Runaway productions could be contributing to the movie-industry job drain in Los Angeles
The motion-picture industry has lost more than 16,000 jobs in Los Angeles County since the peak year of 2004, according to a new study by the Los Angeles County Economic Development Corp.
And according to the study, "runaway productions" that have moved out of the county due to tax incentives in other areas could be to blame.
The study noted that the motion-picture and video production sector of the entertainment industry — the largest segment of the industry in Los Angeles County — was responsible for 118,200 jobs in the county in 2004, a peak year for the sector.
In 2011, by contrast, that number dropped to 102,100 — a 13.6 percent decrease that accounts for 16,100 jobs.
"Arguably, runaway production has had a deleterious effect on industry employment," the report notes. "New York State alone added 14,100 jobs in this sector over that period, while Georgia added nearly 800 jobs. Meanwhile, Louisiana added over 2,200 jobs since implementing its own tax-credit program in 2002. Other states added jobs in the sector as well."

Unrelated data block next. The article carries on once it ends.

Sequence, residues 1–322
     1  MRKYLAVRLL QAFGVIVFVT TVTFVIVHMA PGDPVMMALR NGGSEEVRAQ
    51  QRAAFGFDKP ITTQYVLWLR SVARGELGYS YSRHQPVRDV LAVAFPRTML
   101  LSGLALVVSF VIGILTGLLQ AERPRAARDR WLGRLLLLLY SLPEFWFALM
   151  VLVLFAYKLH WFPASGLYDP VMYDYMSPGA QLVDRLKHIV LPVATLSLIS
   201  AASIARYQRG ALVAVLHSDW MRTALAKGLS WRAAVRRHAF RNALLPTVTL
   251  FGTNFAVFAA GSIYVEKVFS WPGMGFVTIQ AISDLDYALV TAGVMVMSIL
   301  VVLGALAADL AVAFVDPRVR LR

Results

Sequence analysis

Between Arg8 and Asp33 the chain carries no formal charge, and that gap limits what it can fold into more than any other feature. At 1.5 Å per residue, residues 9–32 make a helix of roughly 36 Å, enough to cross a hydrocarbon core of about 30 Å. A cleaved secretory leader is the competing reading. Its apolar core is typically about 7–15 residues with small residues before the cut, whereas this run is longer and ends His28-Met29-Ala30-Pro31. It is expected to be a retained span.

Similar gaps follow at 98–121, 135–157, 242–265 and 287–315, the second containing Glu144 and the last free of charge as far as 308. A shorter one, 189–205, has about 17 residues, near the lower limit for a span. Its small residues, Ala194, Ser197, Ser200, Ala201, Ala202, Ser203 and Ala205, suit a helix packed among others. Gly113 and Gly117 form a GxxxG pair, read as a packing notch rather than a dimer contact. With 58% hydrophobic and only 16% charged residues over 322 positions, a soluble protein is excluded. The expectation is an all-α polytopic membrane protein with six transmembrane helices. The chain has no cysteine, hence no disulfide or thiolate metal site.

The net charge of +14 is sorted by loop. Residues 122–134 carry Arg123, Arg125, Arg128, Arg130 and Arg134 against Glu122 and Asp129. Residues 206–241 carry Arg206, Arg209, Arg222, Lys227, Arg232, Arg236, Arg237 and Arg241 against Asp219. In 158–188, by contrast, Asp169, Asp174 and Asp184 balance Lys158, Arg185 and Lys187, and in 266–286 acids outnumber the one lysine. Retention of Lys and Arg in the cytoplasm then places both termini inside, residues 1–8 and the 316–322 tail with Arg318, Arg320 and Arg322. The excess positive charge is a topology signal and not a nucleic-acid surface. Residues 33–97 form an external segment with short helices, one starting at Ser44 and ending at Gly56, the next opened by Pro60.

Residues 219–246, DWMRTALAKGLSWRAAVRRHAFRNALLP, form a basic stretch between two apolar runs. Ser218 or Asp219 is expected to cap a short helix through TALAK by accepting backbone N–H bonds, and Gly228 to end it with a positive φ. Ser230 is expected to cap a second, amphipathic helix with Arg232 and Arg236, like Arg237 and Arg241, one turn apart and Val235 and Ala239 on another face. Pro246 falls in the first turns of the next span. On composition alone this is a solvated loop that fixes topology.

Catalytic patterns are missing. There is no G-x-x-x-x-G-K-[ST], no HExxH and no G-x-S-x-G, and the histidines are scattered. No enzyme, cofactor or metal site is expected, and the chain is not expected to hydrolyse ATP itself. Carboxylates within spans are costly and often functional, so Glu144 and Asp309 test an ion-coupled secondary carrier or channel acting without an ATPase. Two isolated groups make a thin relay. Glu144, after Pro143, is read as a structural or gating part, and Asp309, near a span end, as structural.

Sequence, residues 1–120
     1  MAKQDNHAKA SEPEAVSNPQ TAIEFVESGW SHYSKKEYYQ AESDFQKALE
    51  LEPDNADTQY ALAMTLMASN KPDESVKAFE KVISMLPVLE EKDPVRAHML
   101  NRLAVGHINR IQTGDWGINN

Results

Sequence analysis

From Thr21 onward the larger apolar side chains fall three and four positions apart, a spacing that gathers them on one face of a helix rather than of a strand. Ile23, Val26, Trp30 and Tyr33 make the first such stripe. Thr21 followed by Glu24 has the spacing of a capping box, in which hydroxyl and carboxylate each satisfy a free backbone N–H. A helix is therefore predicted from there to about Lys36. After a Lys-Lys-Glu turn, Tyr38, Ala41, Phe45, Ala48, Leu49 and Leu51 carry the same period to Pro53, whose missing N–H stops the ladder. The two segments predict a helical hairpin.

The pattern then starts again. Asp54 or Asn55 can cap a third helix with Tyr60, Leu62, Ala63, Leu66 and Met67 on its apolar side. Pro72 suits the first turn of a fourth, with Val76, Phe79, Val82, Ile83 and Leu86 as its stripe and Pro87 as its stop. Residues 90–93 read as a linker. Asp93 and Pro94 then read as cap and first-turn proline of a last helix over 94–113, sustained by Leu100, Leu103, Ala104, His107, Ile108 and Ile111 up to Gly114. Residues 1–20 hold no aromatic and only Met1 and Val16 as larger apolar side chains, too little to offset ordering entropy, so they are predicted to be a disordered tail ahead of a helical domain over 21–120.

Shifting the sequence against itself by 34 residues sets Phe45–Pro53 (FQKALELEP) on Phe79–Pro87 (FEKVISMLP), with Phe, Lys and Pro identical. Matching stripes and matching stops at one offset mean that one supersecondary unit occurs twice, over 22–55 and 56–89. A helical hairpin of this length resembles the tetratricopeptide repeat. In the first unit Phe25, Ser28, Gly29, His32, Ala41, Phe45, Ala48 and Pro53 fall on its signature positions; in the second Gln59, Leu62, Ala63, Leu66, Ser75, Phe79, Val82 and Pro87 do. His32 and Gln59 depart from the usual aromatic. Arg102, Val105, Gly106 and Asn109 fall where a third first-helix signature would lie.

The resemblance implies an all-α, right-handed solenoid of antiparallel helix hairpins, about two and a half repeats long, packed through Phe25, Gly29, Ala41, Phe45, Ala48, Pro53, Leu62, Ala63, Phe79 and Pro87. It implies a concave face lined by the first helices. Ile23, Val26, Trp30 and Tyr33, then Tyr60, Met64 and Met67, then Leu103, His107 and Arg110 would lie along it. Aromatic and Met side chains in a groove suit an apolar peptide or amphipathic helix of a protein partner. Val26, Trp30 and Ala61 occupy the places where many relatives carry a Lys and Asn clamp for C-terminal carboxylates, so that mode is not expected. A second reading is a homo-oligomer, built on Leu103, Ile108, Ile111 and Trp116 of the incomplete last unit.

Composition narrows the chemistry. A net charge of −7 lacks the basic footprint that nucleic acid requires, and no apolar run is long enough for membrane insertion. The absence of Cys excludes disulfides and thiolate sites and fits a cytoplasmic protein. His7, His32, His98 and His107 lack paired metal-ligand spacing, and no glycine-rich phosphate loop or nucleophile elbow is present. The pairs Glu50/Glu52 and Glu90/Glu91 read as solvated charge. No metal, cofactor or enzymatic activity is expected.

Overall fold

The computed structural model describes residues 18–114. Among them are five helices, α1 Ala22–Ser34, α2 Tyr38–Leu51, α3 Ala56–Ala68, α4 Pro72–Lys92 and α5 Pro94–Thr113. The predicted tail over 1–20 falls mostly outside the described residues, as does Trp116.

The study also points out other factors that could account for the job drain, such as piracy and international competition in such farflung areas as Canada, India and Nigeria, which surpassed Hollywood in 2009 as the second-largest film producer in the world based on the number of films made, following India's Bollywood, according to a report from UNESCO's Institute for Statistics. (According to the Economic Development Corp.'s study, Nigeria's film industry — which bears the nickname "Nollywood" — is a $250 million business that produced about 2,000 films in 2011.)